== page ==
29 April 2011

Patriotic Logic (or Lack Thereof)

When I am reading, I frequently go back and reread a passage. Most often I have missed something due to inattention or interruption, as when my wife whispers sweet nothings in my ear. Many times I go back because I find it difficult to understand a text. With some writers--William Faulkner, Jacques Derrida, Marcel Proust,--expectations of comprehension begin with the second reading. Occasionally, rereading a passage is necessary because I have some expertise in the subject, but the authors that I am reading most clearly do not. This last was my experience this morning while reading A Patriot's History of the United States (2004).
Several alternative policies had been attempted by the United States government in its dealings with the Indians. One emphasized the "nationhood" of the tribe, and sought to conduct foreign policy with the Indian tribes the way the United States would deal with a European power. Another, more frequent, process involved exchanging treaty promises and goods for Indian land in an attempt to keep the races separate.
Larry Schweikart and Michael Allen, A Patriot's History, 207
How are treaties an alternative to dealing with Indian nations in ways comparable to dealing with foreign powers? Perhaps the authors of A Patriot's History imagine some distinction here that they fail to explain, but it defies logic. Quite simply, they offer incomprehensible nonsense to confuse the fundamental relationship between Indian tribes and the United States. Consider, for example, President Reagan's recognition of a government-to-government relationship between the U.S. and Indian tribes (for some reason the Ronald Reagan Presidential Foundation & Library links to the text on the Environmental Protection Agency's website). The four-page policy statement begins:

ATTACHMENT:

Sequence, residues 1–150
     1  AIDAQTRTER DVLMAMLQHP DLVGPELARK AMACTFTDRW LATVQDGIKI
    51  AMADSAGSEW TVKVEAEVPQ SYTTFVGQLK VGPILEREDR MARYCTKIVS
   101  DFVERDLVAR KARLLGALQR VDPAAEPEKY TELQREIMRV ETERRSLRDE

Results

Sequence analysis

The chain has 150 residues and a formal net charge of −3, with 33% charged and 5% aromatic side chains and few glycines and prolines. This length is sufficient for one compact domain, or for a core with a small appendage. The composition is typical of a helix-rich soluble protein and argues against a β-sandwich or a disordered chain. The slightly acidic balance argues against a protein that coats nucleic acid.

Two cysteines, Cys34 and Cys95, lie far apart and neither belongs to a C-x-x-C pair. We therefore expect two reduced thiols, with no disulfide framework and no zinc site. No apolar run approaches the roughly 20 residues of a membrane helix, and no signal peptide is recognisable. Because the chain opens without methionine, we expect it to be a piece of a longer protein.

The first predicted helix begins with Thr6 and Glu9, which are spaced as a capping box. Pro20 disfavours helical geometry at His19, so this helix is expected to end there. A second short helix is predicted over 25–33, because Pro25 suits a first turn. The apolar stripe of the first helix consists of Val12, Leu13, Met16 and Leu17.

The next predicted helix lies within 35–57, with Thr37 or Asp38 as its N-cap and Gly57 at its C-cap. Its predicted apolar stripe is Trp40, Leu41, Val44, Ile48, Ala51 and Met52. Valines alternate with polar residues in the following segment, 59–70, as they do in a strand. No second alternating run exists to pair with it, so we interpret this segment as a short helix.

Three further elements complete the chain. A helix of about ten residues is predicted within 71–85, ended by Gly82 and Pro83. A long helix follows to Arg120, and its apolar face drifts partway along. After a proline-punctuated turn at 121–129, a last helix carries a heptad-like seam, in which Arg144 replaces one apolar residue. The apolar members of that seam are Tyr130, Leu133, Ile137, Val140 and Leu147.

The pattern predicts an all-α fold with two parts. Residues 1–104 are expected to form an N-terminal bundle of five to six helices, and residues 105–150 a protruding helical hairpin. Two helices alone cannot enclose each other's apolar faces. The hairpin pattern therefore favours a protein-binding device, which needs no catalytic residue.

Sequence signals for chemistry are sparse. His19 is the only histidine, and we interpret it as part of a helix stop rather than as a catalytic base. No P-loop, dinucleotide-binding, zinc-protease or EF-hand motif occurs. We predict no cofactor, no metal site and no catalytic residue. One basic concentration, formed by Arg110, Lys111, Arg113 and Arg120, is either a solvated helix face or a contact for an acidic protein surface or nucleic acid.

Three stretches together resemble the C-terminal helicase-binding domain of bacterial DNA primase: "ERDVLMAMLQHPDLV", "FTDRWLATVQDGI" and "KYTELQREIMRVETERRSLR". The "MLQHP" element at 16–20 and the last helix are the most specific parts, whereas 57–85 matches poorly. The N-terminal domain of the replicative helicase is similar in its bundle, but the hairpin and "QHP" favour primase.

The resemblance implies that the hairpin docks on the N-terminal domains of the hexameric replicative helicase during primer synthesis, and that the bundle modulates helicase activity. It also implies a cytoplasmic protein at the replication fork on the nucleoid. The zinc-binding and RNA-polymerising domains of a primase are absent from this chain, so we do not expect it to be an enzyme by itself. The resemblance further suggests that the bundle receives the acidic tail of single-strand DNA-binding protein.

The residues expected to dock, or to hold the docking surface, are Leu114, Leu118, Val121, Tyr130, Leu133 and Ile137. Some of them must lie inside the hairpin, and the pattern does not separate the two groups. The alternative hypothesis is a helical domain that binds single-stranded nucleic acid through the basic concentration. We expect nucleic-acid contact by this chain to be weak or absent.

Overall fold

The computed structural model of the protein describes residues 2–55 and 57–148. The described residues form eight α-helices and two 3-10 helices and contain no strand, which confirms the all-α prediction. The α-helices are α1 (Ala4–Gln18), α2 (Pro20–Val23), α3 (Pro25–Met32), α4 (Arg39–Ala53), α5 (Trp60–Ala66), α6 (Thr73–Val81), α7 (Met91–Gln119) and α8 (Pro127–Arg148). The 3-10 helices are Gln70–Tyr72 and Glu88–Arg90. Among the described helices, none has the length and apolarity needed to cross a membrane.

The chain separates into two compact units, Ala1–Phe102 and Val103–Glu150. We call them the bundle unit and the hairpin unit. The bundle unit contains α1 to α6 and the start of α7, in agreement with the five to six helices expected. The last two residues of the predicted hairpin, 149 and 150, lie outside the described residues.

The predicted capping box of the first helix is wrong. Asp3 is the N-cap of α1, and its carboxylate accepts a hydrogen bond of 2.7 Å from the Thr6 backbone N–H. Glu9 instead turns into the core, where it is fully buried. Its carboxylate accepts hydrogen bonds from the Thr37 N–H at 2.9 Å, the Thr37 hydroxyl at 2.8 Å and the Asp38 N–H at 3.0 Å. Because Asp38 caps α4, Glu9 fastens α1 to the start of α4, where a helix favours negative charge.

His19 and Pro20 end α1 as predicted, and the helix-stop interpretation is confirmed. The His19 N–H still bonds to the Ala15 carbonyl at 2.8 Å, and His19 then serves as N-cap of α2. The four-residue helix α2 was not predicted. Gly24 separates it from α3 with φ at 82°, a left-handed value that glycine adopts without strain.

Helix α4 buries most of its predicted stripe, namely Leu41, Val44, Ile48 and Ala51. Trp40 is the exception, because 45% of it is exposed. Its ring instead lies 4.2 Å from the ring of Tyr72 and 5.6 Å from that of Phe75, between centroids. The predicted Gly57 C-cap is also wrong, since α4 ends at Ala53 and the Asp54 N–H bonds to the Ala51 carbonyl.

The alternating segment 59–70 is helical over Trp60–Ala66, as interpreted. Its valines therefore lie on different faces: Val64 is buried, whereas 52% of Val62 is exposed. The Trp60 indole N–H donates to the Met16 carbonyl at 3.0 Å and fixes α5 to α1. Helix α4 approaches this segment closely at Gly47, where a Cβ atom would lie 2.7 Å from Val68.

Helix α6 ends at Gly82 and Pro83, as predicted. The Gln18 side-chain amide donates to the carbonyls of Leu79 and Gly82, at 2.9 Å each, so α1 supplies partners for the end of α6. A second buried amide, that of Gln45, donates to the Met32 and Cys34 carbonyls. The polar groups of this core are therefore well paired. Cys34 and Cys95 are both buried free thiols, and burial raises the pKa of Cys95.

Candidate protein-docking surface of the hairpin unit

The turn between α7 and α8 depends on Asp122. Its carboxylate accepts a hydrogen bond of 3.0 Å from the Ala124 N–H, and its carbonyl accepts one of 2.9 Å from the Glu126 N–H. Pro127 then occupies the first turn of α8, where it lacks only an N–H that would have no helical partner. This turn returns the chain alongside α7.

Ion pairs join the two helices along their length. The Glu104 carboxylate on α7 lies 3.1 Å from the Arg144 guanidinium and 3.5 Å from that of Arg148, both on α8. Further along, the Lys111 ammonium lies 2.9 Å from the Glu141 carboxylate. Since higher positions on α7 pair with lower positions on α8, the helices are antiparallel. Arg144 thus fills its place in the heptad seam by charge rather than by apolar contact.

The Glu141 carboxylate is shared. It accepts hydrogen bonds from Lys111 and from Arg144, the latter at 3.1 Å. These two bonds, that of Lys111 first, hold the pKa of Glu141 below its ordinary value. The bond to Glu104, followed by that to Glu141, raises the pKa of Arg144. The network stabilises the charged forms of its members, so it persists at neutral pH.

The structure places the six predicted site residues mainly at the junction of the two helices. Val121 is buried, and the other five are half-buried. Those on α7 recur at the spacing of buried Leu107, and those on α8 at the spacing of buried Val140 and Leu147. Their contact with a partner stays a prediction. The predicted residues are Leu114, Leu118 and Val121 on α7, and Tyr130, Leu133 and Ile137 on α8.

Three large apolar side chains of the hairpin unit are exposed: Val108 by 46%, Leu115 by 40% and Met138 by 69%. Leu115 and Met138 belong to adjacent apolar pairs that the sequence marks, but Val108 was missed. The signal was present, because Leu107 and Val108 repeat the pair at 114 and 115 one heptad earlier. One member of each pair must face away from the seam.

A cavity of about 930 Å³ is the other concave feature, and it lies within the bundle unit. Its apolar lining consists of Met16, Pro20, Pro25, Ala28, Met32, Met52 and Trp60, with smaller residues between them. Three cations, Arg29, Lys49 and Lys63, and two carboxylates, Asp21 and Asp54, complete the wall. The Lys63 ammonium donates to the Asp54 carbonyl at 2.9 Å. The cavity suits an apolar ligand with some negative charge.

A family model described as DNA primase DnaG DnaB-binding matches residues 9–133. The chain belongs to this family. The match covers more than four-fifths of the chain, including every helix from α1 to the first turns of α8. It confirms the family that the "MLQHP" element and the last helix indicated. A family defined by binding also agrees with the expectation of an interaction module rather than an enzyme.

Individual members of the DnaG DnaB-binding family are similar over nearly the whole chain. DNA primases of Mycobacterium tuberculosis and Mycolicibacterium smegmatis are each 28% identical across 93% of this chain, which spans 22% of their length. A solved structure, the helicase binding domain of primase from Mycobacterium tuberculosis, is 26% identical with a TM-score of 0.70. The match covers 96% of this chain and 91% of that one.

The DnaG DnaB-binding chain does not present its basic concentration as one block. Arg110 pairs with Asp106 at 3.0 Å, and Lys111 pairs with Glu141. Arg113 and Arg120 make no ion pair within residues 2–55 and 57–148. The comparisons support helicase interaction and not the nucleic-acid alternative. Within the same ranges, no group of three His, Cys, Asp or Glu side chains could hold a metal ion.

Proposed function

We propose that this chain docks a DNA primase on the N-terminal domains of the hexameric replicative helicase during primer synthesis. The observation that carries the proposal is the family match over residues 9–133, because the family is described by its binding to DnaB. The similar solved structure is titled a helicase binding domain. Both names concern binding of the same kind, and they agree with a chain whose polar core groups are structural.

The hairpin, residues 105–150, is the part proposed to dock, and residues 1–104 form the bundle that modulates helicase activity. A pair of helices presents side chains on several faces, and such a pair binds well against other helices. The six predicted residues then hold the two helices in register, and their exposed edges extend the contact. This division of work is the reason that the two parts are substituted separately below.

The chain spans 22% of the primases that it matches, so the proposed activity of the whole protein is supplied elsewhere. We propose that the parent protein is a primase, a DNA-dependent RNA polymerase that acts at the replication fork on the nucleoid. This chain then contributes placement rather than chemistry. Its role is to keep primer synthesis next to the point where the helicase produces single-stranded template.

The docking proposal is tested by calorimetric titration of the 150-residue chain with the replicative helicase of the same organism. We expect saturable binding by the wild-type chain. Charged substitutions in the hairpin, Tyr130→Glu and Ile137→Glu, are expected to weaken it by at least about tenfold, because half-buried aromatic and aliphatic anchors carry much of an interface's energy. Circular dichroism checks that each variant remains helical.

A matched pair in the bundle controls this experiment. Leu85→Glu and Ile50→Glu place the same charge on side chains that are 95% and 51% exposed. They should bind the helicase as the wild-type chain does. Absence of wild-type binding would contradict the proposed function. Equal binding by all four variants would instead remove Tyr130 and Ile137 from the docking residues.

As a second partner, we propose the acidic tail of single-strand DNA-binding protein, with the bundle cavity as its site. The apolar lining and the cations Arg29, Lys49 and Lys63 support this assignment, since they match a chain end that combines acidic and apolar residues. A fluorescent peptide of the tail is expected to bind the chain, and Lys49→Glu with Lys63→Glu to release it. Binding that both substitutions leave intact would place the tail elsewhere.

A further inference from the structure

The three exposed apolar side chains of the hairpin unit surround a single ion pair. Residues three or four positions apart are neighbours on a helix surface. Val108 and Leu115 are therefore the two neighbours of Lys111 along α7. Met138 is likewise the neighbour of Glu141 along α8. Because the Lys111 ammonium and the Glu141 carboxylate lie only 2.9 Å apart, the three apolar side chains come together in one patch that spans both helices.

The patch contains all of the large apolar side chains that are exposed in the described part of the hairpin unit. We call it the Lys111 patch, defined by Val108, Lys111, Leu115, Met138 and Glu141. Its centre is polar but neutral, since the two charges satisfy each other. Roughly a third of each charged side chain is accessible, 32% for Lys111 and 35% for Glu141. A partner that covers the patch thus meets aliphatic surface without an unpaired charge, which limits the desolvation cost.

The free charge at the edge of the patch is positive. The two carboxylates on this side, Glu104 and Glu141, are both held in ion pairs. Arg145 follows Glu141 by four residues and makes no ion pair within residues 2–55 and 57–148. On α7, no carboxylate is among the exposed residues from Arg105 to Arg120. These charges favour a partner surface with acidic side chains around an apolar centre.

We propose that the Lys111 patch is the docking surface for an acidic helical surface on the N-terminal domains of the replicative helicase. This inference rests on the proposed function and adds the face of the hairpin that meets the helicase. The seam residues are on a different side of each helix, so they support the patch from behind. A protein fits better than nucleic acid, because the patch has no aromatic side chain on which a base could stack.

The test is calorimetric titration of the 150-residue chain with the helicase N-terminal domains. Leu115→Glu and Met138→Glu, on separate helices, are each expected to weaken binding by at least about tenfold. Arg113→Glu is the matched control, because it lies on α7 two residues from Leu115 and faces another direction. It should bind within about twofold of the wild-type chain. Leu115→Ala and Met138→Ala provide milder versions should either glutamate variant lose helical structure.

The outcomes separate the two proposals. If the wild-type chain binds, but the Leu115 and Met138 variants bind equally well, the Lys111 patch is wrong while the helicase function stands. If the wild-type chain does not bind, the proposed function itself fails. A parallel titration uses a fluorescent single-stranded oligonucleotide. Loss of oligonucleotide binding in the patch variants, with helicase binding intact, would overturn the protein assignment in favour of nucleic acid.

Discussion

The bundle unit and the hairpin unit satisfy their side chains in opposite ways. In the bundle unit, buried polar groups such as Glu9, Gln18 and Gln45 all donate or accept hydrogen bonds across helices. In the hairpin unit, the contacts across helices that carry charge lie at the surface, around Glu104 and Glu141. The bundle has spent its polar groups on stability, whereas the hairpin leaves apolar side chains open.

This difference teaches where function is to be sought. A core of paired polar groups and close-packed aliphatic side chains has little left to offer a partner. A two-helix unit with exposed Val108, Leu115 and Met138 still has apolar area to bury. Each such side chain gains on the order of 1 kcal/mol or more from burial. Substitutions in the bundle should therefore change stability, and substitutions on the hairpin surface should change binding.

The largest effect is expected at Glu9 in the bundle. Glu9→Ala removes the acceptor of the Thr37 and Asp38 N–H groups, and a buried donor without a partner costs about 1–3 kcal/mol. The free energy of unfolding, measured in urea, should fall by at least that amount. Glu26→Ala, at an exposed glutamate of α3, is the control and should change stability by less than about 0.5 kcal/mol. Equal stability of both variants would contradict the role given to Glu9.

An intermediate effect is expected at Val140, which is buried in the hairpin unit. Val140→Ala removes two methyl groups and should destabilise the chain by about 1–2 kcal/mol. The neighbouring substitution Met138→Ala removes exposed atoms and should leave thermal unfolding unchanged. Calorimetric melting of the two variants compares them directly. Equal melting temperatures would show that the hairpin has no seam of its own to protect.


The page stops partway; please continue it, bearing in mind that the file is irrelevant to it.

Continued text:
On January 24, 1983, President Ronald Reagan issued an American Indian policy statement which reaffirmed the government-to-government relationship of Indian tribes with the United States.
Schweikart and Allen feel a need to put the word nationhood in quotes to generate some distance from what they fail to understand. Their favorite President's policy, however, explicitly states, "President Reagan’s policy supports: ... Specific acknowledgment of the governmental status of Indian tribes."

These days many of Reagan's most ideologically committed followers call themselves Constitutionalists. As they gain power, we can hope that they have read the Supremacy Clause:
This Constitution, and the Laws of the United States which shall be made in Pursuance thereof; and all Treaties made, or which shall be made, under the Authority of the United States, shall be the supreme Law of the Land.
U.S. Constitution, Article VI (emphasis added)
Does the supremacy clause apply to treaties with American Indian nations?

The U.S. Supreme Court thinks so. In Worcester v. Georgia (1832), which A Patriot's History mentions on the next page, the U.S. Supreme Court found actions of the state of Georgia "repugnant to the Constitution" because these actions violated treaties with the Cherokee and laws of Congress. In discussing the first treaty the United States made with an Indian nation: the treaty with the Delawares, 1778, the Court noted, "[t]his treaty, in its language, and in its provisions, is formed, as near as may be, on the model of treaties between the Crowned heads of Europe" (31 U.S. 515, at 550). That Indian tribes had become dependent upon the U.S., does not diminish their sovereignty:
The very fact of repeated treaties with them recognizes it, and the settled doctrine of the law of nations is that a weaker power does not surrender its independence -- its right to self-government -- by associating with a stronger and taking its protection. A weak State, in order to provide for its safety, may place itself under the protection of one more powerful without stripping itself of the right of government and ceasing to be a State.
Worcester v. Georgia, 31 U.S. 515, at 560-561
A Patriot's History offers a view at odds with the Constitution, with the Supreme Court's interpretation of our Supreme Law, and even with the formal declaration of Indian policy by the patron saint of the Conservative Revolution. Schweikart and Allen seem quite alone in their reading of history.

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